The expression of physical aggression is normative in early child development; it peaks in the second year of life, with steep declines for most children by the third and fourth years as children learn alternatives to aggression. Some children, however, fail to demonstrate declines in aggressive acts, and many of these are boys. The current review uses a dynamic systems (DS) approach to identify early individual and contextual factors that may dynamically influence trajectories of aggression as a characteristic way of engaging within communities and relationships...
January 2017: Infant Mental Health Journal
https://www.readbyqxmd.com/read/27997031/predictors-of-infant-and-toddler-black-boys-early-learning-seizing-opportunities-and-minimizing-risks
#8
Iheoma U Iruka
Using the Early Childhood Longitudinal Study, Birth Cohort (ECLS-B) data set (U.S. Department of Education Institute of Education Sciences, National Center for Education Statistics, 2001), this study examined child, family, and community factors in the early years (infant and toddler years) to predict the cognitive and language outcomes for preschool-age Black boys in relation to Black girls and White boys. Findings indicate that Black children face many challenges, with Black boys experiencing less sensitive parenting as compared to their peers...
January 2017: Infant Mental Health Journal
https://www.readbyqxmd.com/read/27976816/boys-early-risk-factors-for-alcohol-problems-and-the-development-of-the-self-an-interconnected-matrix
#9
Leon I Puttler, Hiram E Fitzgerald, Mary M Heitzeg, Robert A Zucker
Alcohol-use disorders are a major public health issue worldwide. Although drinking and problematic alcohol use usually begins during adolescence, developmental origins of the disorder can be traced back to infancy and early childhood. Identification of early risk factors is essential to understanding developmental origins. Using data from the Michigan Longitudinal Study, an ongoing, prospective, high-risk family study, this article summarizes findings of family context and functioning of both children and parents...
January 2017: Infant Mental Health Journal
https://www.readbyqxmd.com/read/27966785/american-indian-and-alaska-native-boys-early-childhood-risk-and-resilience-amidst-context-and-culture
#10
Michelle Sarche, Greg Tafoya, Calvin D Croy, Kyle Hill
American Indian and Alaska Native (AIAN) adolescent and adult men experience a range of health disparities relative to their non-AIAN counterparts and AIAN women. Given the relatively limited literature on early development in tribal contexts, however, indicators of risk during early childhood specific to AIAN boys are not well-known. The current article reviews sources of strength and challenge within AIAN communities for AIAN children in general, including cultural beliefs and practices that support development, and contextual challenges related to socioeconomic and health disparities and historical trauma affecting the AIAN population as a whole...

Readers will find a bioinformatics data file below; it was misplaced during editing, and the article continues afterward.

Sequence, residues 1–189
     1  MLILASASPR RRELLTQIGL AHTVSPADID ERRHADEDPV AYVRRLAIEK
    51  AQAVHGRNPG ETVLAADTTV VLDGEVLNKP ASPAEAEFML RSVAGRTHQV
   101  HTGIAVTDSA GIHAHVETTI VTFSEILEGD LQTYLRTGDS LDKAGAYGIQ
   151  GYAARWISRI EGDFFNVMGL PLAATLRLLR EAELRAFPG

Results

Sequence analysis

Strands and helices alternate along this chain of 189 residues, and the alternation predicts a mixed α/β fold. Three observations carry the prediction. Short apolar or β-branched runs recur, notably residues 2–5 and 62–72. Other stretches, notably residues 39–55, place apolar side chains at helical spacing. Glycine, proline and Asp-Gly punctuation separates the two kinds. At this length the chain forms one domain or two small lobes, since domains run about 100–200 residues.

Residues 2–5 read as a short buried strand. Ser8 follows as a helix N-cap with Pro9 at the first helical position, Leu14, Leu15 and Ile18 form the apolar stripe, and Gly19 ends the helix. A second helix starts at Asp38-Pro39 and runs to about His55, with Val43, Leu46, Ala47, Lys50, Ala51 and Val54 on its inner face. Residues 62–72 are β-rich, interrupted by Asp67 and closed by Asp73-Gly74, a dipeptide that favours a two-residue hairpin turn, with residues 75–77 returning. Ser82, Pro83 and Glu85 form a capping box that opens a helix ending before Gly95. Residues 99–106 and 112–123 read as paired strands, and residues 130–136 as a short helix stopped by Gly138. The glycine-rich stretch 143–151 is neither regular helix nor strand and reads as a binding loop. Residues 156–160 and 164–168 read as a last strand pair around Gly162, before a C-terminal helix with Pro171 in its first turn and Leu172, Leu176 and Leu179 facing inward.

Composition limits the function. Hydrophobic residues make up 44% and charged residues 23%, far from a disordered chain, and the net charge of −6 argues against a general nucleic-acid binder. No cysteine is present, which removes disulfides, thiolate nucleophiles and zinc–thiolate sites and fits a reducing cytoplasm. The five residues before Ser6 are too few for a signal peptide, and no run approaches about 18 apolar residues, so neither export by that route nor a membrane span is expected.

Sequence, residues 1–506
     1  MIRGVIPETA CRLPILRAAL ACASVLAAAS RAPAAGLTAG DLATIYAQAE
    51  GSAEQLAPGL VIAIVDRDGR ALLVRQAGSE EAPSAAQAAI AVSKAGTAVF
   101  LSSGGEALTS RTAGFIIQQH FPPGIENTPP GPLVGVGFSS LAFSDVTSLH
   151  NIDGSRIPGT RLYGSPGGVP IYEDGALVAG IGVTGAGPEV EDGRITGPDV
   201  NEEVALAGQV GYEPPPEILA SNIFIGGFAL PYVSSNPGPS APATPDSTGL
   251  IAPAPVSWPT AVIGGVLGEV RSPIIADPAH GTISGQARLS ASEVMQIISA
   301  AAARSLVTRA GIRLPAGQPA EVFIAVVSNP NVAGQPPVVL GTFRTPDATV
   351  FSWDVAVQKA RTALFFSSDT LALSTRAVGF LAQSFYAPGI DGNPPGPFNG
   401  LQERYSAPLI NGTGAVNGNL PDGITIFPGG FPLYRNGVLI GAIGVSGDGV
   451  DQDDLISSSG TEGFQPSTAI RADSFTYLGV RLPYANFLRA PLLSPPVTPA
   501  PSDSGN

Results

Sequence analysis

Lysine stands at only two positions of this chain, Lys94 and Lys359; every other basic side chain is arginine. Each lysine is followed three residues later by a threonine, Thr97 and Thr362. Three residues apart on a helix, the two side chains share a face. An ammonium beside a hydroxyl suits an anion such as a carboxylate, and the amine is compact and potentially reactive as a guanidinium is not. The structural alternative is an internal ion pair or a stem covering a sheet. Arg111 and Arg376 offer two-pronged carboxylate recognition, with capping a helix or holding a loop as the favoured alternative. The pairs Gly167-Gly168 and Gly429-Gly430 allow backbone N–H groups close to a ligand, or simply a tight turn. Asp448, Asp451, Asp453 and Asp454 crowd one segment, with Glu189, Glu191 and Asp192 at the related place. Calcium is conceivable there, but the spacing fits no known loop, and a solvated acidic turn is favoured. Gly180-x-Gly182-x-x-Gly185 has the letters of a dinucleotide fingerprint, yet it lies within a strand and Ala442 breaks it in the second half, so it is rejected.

January 2017: Infant Mental Health Journal
https://www.readbyqxmd.com/read/27959473/psychology-of-boys-at-risk-indicators-from-0-5
#11
Paul Golding, Hiram E Fitzgerald
In utero and during the first 5 years of life, boys face unique risks as a result of neurobiological and environmental factors. This introductory article to the Special Issue describes the background of this gender-specific inquiry and outlines some of those risks, drawing attention to the areas that will be covered in depth in the following contributions. We also describe the basis of this inquiry as the link between early life and the subsequent difficulties that adolescent boys and many young men face, and pay particular attention to the circumstances of young men of color and to the growing knowledge about the contributions of fathers to boys' development...
January 2017: Infant Mental Health Journal
https://www.readbyqxmd.com/read/27870193/reflection-in-home-visiting-the-what-why-and-a-beginning-step-toward-how
#12
Angela M Tomlin, Elesia Hines, Lynne Sturm
The work of home visitors in early childhood fields may include addressing many challenges to achieving curricular outcomes, including issues such as maintaining boundaries and managing one's own reactions to children, parents, and overall family situations. Increasingly, reflective supervision and consultation are recognized as a way for workers in home-visiting early intervention and early care fields to address these personal and professional challenges and build competence (Watson, Gatti, Cox, Harrison, & Hennes, )...
November 2016: Infant Mental Health Journal
https://www.readbyqxmd.com/read/27870192/-effective-volunteerism-helping-child-caregivers-in-developing-countries
#13
Alexandra Murray Harrison
This article proposes a method of volunteering mental health consultation to child caregivers in developing countries in the context of episodic visits and a long-term relationship. It is derived from the author's experience doing this work for approximately 12 years. The two foundational features of the method-the role of a consultant and a long-term relationship-are described. The method is then elaborated in two settings: consultation to caregivers in an orphanage in Central America and at a hospital in India...
November 2016: Infant Mental Health Journal
https://www.readbyqxmd.com/read/27870191/a-community-mental-health-professional-development-model-for-the-expansion-of-reflective-practice-and-supervision-evaluation-of-a-pilot-training-series-for-infant-mental-health-professionals